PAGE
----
Flashes of beautiful wildlife and unbelievable mountain ranges filled my eyes as our youth pastor showed us the destination of our next mission trip, Yellowstone National Park. I remember looking at these pictures and thinking there was nothing more I wanted to do than see this amazing wonder. I wanted to be fully one with nature and experience it with some of the people I loved most, my youth group. While planning for this trip, I had no idea that by the end of it I would have hiked eighteen miles into the deep backcountry of Yellowstone with a forty-two pound pack on my back. That I would have slept outside with only a simple tarp over my head and a can of bear spray by my pillow. That I would have helped remodel a dilapidated home so children living in extreme poverty could have a place of safe haven. That by the time I returned home, I would have a new desire to seek adventure and help people in need.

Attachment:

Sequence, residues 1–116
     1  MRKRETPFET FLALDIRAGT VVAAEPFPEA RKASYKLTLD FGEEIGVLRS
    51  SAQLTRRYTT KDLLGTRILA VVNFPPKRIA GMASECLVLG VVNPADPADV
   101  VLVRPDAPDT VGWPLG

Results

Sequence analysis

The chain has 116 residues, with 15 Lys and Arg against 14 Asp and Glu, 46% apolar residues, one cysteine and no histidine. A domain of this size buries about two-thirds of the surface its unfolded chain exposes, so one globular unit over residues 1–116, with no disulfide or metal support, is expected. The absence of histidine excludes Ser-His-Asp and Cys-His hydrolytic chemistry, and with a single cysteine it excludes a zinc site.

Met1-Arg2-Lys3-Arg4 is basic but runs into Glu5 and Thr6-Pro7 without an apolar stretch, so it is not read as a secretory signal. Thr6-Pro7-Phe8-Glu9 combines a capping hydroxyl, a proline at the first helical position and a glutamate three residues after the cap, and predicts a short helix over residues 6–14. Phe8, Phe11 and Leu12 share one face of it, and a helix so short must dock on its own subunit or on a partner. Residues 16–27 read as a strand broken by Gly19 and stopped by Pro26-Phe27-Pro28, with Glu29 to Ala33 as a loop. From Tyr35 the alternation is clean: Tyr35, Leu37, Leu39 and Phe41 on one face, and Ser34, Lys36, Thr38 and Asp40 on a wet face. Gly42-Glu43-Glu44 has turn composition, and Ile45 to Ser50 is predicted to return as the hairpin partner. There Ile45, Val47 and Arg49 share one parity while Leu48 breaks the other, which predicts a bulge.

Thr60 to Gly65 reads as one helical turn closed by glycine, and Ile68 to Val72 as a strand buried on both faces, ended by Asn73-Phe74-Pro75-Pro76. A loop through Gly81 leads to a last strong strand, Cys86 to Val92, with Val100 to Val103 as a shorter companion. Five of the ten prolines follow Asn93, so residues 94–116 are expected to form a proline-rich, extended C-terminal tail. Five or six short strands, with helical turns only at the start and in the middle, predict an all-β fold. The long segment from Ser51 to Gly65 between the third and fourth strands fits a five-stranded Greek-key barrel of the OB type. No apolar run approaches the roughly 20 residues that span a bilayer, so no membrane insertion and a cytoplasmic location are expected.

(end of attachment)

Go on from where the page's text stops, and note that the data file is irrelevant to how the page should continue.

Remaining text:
I’ll never forget how frightened and scared I was the day we left Nauvoo. We left our beautiful home and all of our possessions behind as we began our trek West to the Rocky Mountains. We didn’t want to leave but the persecution had become so bad from the people who hated our religion that we had no choice. They burned down our temple and stole our livestock and reports of members of our church being assaulted or killed were becoming more and more frequent. After my father’s business had been broken into and his printing presses destroyed, we had no other option but to leave. So we sold all the possessions that we could and bought a team of oxen. We loaded everything into the wagon, and started a journey that would last over a thousand miles
It was day two on the Appalachian Trail. The rich robust smell of pine permeated the air. The Sparrows caroled, and the soothing warm glow of the sun, warmed my body as the elevation increased. I was completely engulfed in nature. As the trail progressed, a couple friends and I reached the first cairn. We were 500 feet from the summit of Mt. Avery. We soon took our last steps, lowered our bags, and shared smiles. Immediately we were taken hold of by the ear ringing silence. Not a gust of wind, nor a chirp from a bird, it was complete serenity. As we took in the view I realized something that changed me completely. I was